Everything you need to know about information architecture

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Learn this essential part of web design with key definitions, tips on how to structure content, and a step-by-step process guide.

9 min read

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Content plays a tremendous role in a website’s success. After all, it's the primary reason why people visit your site. But it’s not only the quality of the content that impacts a site's performance; the way information is organized on the page is equally as important.


Modern websites contain a lot of information, so if your content is unorganized, navigation becomes difficult—and quickly leads to abandoned sites. On the other hand, when information is organized according to the user's expectations, it becomes easier for users to navigate and find what they're looking for. The discipline responsible for a content organization is called information architecture.


Creating clear information architecture is integral to strong web design. So we're breaking it all down, including what information architecture is, why it's essential, and a complete process you can follow to build the information architecture of your next website.



Everything you need to know about information architecture


What is information architecture?

Why is information architecture important?

Foundational principles of information architecture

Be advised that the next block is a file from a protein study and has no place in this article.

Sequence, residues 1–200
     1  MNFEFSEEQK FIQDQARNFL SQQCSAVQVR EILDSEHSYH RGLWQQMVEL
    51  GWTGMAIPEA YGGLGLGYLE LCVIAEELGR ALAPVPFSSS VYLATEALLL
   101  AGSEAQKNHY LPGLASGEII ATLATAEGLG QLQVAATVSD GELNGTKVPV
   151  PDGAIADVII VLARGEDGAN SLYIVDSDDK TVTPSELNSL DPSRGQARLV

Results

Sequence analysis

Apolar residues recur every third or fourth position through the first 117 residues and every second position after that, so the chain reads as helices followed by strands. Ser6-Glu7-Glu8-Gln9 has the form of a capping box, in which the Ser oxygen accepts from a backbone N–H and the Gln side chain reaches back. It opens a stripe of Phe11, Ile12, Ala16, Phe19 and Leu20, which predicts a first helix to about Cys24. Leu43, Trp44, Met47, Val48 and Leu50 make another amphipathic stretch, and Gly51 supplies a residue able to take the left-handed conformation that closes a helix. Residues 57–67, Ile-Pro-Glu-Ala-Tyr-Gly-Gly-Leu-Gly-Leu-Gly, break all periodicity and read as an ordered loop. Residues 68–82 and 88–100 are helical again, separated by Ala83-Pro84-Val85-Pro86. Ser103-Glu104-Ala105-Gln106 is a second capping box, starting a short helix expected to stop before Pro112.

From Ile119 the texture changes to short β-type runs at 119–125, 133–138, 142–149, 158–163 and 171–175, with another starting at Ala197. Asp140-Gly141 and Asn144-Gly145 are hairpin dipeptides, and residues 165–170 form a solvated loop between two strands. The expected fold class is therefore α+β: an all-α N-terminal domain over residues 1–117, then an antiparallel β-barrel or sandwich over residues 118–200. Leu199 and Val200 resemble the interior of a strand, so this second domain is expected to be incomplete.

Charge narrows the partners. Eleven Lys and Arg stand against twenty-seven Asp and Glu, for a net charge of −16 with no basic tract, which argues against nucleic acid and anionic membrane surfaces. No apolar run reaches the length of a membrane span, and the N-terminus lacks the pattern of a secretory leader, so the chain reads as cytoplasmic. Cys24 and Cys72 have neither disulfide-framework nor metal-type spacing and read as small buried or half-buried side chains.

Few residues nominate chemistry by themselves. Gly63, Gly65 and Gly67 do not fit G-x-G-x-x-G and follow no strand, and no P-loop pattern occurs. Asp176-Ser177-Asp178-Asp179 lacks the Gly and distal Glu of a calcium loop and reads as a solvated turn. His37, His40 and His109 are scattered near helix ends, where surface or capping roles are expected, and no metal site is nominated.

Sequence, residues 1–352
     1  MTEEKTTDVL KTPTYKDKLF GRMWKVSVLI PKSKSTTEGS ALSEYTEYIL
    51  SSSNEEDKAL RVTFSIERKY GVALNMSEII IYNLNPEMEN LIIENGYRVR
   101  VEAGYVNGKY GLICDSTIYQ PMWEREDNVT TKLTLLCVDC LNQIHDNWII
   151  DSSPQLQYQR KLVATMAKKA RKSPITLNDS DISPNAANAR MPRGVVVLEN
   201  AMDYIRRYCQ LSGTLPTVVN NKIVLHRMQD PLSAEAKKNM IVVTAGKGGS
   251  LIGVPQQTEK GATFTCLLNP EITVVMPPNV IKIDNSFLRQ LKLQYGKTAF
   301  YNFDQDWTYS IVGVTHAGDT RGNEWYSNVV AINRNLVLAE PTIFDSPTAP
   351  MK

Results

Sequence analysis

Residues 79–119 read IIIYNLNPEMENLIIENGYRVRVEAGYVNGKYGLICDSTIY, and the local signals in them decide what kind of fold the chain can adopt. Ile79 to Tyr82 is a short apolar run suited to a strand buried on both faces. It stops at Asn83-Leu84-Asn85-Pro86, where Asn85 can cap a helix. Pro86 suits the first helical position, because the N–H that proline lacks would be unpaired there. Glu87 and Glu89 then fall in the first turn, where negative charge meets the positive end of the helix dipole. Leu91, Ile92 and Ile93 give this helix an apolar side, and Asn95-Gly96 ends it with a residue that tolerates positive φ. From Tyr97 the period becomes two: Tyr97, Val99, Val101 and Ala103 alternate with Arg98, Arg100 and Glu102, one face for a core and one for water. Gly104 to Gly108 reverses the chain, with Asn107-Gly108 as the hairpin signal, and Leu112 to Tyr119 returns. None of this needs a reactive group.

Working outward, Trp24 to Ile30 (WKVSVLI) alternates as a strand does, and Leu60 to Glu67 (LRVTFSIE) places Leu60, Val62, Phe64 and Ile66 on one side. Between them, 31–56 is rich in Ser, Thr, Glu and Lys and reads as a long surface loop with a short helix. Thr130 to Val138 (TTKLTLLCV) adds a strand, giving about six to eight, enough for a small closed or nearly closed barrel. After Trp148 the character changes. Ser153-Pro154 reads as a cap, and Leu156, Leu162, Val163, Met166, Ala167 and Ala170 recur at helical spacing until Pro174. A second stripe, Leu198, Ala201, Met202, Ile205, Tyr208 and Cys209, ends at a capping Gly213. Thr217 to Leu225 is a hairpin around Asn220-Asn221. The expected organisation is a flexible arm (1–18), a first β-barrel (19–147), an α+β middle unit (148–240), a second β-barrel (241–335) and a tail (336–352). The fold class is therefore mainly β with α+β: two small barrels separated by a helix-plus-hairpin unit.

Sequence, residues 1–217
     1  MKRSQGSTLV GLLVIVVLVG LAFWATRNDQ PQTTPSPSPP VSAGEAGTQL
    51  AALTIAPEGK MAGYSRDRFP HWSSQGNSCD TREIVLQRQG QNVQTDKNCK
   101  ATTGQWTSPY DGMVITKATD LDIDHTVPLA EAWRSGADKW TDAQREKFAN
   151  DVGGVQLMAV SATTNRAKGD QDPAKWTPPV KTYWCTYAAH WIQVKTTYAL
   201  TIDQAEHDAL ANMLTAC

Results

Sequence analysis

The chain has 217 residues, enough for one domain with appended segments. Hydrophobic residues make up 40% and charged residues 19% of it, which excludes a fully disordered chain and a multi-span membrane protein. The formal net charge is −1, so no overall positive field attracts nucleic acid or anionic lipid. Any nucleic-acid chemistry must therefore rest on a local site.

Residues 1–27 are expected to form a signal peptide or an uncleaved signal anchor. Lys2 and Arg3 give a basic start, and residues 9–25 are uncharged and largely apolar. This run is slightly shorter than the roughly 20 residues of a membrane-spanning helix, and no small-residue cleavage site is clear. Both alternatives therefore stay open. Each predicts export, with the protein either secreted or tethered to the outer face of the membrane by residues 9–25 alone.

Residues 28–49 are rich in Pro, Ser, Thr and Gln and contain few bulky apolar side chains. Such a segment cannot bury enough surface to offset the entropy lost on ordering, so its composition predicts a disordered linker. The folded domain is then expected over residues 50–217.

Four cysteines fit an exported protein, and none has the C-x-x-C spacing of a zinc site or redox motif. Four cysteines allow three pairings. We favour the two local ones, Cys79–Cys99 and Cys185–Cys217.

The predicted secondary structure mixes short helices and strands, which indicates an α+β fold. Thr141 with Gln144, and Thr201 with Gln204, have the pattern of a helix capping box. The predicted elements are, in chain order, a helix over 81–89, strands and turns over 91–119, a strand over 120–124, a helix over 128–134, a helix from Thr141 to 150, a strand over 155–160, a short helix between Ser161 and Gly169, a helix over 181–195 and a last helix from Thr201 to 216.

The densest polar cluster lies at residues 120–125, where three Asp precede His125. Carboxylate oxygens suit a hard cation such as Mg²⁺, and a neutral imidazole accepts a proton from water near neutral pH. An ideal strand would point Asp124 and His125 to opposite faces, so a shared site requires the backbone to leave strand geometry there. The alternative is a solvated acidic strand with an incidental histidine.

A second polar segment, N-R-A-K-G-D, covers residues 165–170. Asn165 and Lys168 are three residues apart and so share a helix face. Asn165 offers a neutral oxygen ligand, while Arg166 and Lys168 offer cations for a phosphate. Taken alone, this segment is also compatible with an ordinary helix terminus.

What's the process for defining and applying information architecture to a web design?

What tools do information architects use?



What is information architecture?


Information architecture is both art and science of organizing complex information clearly and logically so that users would easily find everything they need without much effort. Information architects rely on principles of information hierarchy:

  • Global navigation system. Sitemap, a hierarchical diagram of a website that shows how pages are linked and labeled. A well-designed global navigation system lets users navigate between screens/pages without much effort.

  • Page hierarchy. Arrangement of content and functional elements on individual pages/screens. Gestalt principles of design (principles that define how the human eye perceives objects) play an important role in organization content/functionality on individual pages.


Information architecture is the backbone of any design project—both functionality and visual design are created based on the information architecture.



Why is information architecture important?


Information architecture benefits both users and the business bottom line. Good information architecture positively impacts the user experience—the faster the users find what they're looking for, the greater their satisfaction, and the greater the satisfaction of using a product, the more chances they will convert (i.e., make a purchase).


Good information architecture design can also reduce marketing costs. It's a known fact that in business, you need to attract visitors to the website and ensure that they stick with it and become regular visitors. When visitors cannot find what they're looking for, they leave, and it becomes tough to attract them again. On the other hand, when a website offers good UX, people are more likely to visit your website again in the future (better user retention).